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From Bandwidth Management to Bandwidth Governance

By: Amichai Lesser

Businesses today are highly dependent on distributedapplications to support every aspect of operations. If theseapplications under-perform for remote users or fail, losses ofproductivity, revenue and opportunity inevitably result. It isthus critical to ensure the consistent performance ofapplications across the network.

One of the gating factors controlling application performance isbandwidth. As more applications and services are activated onthe network, they contend for the finite available bandwidth.Bandwidth can be an especially critical factor for companieswith small or overseas locations that may not have high-capacitynetwork connections to the data center.

Typically, IT organizations approach this critical relationshipbetween application performance and bandwidth by managingsupply. This supply-side management approach is characterized byadding more bandwidth or implementing technologies thatprioritize use of the bandwidth that's currently available.

But IT organizations can no longer depend on supply-sidebandwidth management alone. Demand -- driven by moreapplications, higher volumes of data and increasing intensity ofuse -- is just growing too fast. Funding for technologyinfrastructure is growing too slowly. And the consequences ofservice interruptions are too great. In fact, supply-sidemanagement alone fails to address a variety of issues. Someapplications aren't very well designed for deployment on thenetwork, so they won't perform well, regardless of how muchbandwidth you throw at them. Some applications will perform abit better with more bandwidth, but those incrementalperformance gains aren't worth the cost of the additionalinfrastructure. In some cases, management needs to considerretiring an application altogether. In other cases, steps mustbe taken to reduce end-user demand.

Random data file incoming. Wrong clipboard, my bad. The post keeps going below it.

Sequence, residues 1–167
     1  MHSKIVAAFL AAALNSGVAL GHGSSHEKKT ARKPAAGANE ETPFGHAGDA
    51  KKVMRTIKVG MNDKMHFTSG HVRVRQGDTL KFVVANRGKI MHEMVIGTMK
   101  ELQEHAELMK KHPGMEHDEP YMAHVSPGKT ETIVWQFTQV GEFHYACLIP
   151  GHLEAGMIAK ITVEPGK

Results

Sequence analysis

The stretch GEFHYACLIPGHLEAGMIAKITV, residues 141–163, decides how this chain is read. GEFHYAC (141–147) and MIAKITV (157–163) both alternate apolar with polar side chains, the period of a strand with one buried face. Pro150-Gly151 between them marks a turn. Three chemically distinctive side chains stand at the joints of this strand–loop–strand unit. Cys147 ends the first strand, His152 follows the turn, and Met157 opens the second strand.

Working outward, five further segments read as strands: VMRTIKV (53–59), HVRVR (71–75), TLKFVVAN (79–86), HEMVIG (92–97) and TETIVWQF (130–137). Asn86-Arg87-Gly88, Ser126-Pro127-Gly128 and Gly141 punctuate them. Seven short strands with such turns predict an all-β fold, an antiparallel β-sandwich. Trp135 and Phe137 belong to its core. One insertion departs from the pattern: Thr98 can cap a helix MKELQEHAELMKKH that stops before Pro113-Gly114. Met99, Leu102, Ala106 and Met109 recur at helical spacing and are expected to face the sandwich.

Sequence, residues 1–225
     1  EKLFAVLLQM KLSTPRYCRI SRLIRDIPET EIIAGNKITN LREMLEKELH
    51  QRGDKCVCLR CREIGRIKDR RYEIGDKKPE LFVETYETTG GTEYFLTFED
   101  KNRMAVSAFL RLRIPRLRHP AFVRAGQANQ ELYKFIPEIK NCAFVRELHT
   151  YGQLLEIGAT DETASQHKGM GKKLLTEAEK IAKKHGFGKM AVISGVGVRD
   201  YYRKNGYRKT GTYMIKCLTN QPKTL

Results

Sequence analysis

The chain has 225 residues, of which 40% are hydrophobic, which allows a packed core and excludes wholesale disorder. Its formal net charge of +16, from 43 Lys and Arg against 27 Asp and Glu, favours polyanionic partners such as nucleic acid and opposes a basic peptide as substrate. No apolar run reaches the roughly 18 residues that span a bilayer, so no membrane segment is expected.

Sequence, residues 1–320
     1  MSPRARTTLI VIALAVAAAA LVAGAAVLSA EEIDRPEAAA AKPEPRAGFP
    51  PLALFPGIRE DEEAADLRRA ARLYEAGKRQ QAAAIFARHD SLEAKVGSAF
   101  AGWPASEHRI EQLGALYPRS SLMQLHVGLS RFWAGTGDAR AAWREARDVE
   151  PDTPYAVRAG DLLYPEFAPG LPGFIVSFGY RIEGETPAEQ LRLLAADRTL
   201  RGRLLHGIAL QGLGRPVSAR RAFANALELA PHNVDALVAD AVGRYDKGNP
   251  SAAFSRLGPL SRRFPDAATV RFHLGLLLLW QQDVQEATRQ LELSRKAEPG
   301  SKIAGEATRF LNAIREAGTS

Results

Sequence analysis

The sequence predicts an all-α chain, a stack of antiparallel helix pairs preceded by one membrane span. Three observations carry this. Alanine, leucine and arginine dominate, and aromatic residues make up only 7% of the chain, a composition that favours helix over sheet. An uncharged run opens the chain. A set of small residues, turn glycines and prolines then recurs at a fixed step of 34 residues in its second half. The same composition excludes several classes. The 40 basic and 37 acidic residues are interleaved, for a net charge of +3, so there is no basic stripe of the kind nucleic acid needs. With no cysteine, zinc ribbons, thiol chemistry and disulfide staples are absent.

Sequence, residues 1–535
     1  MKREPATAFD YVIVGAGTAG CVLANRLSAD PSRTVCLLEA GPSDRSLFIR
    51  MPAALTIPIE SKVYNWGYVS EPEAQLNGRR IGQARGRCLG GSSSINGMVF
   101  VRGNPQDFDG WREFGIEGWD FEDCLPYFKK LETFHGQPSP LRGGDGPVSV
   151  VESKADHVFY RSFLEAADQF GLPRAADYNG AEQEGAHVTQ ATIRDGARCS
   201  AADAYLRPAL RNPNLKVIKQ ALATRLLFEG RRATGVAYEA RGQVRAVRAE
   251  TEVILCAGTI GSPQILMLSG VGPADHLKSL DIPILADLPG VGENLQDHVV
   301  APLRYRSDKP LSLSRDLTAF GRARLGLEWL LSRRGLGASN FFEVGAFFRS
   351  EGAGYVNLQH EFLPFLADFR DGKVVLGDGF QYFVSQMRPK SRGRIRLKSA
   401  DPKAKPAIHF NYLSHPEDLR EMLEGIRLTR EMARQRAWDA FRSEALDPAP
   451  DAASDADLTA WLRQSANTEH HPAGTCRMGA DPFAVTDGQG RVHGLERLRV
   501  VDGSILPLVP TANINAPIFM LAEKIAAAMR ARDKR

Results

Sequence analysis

Simply put, network managers have to do more than just managebandwidth supply. They have to apply best governance practicesto the consumption of bandwidth, so that utilization of networkresources is closely aligned with business drivers. Only byexercising this kind of governance can IT use its infrastructuredollars in the most effective possible way.

The Governance Lifecycle

Good bandwidth governance actually begins well before anapplication is deployed on the network. With the righttechnologies, developers can start assessing the behavior oftheir applications over the network early in the design anddevelopment stages. That way, they can resolve excessivebandwidth consumption or poor performance issues as soon as theyarise, rather than later in the game, when such problems can bevery costly to fix.

This kind of testing should continue right up to deployment, sothat there are no surprises when the application is rolled outonto the production network. It should also be done every timethe application is upgraded or modified, because subtle changesin code often have unexpected impact on the behavior ofapplications on the network. IT can apply these bandwidthgovernance best practices to applications that are already inproduction, too. For example, before throwing bandwidth at anapplication performance problem, network managers should firstmodel potential solutions to find out if the additionalbandwidth will, in fact, deliver expected improvements. What-ifscenarios should also be run to answer key governance questionssuch as "Will current bandwidth levels support the addition of20 users in our Atlanta office?" and "How will night shift usersbe affected if we start backing up remote servers over thenetwork at 2:00 AM?"